S'pore ups fight against rising sea levels

A 15-km stretch of crisp white beach is one of the key battlegrounds in Singapore's campaign to defend its hard-won territory against rising sea levels linked to climate change.

Stone breakwaters are being enlarged on the low-lying island state's man-made east coast and their heights raised.

Barges carrying imported sand top up the beach, which is regularly breached by high tides.

Singapore, the world's second most densely populated country after Monaco, only covers 715 square km.

It has already reclaimed large areas to expand its economy and population boosting its land area by more than 20 per cent since 1960.

But the new land is now the frontline in a long-term battle against the sea.

Every square metre is precious in Singapore.

One of the world's wealthiest nations in per-capita terms, it is also among the most vulnerable to climate change that is heating up the planet, changing weather patterns and causing seas to rise as the oceans warm and glaciers and icecaps melt.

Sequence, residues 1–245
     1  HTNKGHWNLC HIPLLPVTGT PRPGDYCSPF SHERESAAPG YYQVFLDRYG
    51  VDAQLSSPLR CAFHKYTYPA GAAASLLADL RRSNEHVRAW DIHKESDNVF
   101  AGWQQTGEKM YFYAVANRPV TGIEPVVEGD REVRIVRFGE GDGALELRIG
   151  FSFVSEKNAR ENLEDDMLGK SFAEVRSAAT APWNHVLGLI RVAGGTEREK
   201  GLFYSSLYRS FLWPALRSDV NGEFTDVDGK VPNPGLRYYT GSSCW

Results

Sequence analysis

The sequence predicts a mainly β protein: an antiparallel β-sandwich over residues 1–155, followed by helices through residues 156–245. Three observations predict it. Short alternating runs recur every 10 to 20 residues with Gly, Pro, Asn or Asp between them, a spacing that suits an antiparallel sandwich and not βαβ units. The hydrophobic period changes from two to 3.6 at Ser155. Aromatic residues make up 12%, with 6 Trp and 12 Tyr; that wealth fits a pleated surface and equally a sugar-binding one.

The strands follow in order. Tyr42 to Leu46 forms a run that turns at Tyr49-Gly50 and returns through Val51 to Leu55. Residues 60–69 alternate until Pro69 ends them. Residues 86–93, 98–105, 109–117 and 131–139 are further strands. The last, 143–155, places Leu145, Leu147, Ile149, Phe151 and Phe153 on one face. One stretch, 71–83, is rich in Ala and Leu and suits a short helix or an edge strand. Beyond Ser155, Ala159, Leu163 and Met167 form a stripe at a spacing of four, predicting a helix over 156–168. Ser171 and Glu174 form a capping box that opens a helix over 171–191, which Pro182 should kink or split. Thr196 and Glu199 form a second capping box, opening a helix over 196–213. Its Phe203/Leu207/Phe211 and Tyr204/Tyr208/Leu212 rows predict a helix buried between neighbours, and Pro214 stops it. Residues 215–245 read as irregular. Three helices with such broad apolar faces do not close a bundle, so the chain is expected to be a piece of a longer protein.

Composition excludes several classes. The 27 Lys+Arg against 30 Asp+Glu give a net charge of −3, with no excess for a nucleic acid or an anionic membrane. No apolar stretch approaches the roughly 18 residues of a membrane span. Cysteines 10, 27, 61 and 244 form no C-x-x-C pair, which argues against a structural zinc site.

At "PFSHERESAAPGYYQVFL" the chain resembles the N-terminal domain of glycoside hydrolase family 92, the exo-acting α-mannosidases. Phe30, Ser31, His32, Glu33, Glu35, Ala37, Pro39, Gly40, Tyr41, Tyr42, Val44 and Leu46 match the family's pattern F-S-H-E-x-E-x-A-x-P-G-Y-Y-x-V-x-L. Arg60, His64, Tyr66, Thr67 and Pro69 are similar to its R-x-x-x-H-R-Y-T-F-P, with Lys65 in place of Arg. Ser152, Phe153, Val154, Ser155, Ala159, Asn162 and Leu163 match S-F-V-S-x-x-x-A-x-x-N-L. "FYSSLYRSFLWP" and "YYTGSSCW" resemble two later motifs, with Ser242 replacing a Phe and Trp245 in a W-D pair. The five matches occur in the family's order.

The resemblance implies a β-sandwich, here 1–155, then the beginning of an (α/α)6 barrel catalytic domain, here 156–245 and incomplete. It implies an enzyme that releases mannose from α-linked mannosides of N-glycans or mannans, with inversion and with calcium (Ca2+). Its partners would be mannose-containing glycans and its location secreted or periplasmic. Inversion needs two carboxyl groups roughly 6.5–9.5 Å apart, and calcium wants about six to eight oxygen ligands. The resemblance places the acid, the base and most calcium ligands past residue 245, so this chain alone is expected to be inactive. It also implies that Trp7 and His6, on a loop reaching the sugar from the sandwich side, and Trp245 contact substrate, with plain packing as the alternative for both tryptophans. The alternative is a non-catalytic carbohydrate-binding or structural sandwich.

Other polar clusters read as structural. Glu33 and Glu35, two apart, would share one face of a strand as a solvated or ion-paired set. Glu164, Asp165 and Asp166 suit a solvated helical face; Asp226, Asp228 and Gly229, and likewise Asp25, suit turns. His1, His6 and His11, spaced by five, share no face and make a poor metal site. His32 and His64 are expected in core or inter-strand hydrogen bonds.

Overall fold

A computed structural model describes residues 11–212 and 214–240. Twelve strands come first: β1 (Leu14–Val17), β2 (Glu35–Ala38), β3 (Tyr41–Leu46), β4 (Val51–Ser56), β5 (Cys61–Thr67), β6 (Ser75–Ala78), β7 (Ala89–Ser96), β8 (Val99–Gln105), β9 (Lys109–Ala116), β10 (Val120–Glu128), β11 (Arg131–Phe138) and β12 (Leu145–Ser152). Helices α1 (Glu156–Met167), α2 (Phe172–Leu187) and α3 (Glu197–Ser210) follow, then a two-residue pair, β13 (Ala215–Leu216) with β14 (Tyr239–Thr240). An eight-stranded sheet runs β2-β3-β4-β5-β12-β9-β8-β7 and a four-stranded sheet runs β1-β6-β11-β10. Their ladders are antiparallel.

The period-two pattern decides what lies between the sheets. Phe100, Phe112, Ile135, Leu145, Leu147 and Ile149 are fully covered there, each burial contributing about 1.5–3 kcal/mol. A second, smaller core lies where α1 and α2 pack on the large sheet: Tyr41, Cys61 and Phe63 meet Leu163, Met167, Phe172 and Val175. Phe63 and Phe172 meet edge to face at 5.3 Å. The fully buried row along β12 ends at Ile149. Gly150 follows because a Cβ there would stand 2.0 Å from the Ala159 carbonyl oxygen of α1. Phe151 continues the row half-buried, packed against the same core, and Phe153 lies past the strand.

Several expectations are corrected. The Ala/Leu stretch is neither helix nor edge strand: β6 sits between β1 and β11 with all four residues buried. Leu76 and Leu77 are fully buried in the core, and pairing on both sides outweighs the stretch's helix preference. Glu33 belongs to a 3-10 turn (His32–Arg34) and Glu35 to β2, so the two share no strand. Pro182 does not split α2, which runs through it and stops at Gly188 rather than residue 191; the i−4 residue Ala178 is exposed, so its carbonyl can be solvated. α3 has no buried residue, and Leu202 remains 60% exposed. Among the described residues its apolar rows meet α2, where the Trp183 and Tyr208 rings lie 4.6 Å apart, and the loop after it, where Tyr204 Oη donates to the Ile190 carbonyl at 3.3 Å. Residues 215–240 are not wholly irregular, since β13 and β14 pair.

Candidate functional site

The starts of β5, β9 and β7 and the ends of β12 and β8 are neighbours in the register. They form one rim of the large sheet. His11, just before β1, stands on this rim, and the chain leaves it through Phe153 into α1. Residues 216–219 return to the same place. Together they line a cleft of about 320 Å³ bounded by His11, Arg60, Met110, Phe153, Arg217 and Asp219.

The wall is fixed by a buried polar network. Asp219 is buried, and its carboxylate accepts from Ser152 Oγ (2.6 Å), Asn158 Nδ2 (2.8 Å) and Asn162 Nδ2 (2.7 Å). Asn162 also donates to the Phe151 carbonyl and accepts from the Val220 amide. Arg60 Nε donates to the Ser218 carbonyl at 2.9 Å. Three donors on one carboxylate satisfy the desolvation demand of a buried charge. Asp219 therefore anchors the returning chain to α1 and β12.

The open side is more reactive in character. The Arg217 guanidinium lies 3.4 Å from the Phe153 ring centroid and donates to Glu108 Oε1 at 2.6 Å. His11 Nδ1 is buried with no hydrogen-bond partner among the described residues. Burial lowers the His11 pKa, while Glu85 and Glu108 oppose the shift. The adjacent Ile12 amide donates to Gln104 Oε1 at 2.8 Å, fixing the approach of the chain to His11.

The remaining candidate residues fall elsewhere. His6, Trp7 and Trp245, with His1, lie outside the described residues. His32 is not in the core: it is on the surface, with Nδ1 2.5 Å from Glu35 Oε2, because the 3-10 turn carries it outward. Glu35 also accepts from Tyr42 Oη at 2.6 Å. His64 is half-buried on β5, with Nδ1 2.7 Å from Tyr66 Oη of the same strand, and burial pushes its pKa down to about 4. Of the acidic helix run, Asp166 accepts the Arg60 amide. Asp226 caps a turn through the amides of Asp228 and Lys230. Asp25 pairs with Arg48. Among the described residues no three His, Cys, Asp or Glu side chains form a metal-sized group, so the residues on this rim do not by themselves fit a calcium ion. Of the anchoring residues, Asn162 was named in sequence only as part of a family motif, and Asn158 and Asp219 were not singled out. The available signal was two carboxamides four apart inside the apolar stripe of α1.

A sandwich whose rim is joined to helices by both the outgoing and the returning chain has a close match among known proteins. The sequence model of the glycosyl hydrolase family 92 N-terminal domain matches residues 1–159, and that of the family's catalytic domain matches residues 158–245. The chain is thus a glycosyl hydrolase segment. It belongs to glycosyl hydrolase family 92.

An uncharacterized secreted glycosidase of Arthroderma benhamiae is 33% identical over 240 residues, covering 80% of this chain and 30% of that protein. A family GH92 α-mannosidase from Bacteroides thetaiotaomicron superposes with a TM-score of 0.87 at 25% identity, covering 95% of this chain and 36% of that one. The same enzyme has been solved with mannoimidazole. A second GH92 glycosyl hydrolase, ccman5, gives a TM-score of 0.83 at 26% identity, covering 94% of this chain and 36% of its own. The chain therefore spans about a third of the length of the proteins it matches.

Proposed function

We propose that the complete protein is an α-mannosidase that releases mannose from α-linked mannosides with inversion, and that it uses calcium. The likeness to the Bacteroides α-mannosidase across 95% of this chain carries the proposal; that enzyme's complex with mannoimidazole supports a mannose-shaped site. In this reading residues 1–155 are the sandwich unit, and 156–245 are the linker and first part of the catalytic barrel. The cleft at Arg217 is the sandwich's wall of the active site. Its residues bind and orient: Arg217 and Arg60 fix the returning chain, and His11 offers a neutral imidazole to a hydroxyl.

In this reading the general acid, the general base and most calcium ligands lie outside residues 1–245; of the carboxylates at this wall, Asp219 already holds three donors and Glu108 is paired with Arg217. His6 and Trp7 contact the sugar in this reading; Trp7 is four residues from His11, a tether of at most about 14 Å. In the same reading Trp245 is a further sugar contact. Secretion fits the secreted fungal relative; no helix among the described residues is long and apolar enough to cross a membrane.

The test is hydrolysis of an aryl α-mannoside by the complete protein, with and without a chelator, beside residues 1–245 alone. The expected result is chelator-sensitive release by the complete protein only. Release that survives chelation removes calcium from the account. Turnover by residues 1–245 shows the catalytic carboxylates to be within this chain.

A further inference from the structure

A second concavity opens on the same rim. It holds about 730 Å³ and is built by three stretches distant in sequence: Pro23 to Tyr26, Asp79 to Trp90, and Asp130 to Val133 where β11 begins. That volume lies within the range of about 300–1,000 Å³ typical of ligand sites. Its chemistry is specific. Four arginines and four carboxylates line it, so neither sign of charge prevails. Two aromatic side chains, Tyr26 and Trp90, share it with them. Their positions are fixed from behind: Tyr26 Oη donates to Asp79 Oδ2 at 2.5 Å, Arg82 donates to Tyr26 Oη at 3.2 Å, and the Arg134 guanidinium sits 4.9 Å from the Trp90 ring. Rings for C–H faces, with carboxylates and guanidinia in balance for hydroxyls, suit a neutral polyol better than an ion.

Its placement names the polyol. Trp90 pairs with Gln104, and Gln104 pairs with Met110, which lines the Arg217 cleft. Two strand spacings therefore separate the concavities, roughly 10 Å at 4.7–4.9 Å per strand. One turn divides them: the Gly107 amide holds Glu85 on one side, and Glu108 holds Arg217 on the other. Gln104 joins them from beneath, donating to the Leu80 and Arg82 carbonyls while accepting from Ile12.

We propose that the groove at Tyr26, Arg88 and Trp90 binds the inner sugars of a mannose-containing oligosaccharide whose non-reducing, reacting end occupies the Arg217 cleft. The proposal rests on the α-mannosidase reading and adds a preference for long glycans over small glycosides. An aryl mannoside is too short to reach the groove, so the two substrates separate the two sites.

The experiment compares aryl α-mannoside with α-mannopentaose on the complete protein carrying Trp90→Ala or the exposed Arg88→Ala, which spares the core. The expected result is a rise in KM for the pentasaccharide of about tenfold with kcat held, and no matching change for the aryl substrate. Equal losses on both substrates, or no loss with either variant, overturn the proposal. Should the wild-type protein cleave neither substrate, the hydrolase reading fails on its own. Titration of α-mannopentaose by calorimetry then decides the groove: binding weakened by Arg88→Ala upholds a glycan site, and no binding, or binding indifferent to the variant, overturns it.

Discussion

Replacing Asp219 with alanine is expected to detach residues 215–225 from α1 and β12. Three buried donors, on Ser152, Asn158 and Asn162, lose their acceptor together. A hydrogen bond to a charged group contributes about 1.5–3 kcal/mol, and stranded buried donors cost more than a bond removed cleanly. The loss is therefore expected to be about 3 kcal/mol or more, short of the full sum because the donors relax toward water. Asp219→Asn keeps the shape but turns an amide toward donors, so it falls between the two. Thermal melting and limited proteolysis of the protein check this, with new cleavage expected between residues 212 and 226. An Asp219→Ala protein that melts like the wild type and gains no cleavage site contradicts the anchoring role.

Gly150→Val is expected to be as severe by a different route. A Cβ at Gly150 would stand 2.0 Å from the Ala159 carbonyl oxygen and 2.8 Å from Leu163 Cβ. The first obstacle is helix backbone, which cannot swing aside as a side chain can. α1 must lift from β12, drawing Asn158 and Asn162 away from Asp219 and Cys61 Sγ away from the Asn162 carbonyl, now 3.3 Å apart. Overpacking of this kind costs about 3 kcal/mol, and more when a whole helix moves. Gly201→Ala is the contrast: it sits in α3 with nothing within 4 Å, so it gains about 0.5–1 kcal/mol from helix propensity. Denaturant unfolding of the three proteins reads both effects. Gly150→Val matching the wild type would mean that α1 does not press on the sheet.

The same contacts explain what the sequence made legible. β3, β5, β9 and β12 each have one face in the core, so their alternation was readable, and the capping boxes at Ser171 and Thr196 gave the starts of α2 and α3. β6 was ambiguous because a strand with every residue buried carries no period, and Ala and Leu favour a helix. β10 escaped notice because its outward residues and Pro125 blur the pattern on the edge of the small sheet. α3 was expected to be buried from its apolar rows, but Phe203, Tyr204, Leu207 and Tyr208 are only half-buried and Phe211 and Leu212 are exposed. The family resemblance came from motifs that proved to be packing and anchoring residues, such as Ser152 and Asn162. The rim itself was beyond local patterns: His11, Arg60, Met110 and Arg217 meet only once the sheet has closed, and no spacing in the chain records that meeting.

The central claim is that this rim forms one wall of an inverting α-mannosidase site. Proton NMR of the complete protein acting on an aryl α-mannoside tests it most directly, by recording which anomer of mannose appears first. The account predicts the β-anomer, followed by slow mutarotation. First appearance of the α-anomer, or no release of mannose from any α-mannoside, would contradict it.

Late last year, the government decided the height of all new reclamations must be 2.25 metres above the highest recorded tide level a rise of a metre over the previous mandated minimum height.

The additional buffer was costly but necessary, Environment Minister Vivian Balakrishnan told Reuters in a recent interview.

"You are buying insurance for the future," he said during a visit to a large flood control barrier that separates the sea from a reservoir in the central business area.

A major climate change review for the Chinese government last week said China's efforts to protect vulnerable coastal areas with embankments were inadequate.

It said in the 30 years up to 2009, the sea level off Shanghai rose 11.5cm; in the next 30 years, it will probably rise another 10 to 15cm.

Since it was created by the British as a trading port in the early 19th century, Singapore has turned to the sea to expand and has become one of the world's fastest-growing countries in terms of new land area.

More land is being regularly reclaimed.

Much of the city centre is on reclaimed land, including an expanding financial district, a new terminal for ocean liners and a $3.2 billion underground expressway, part of which runs under the sea.

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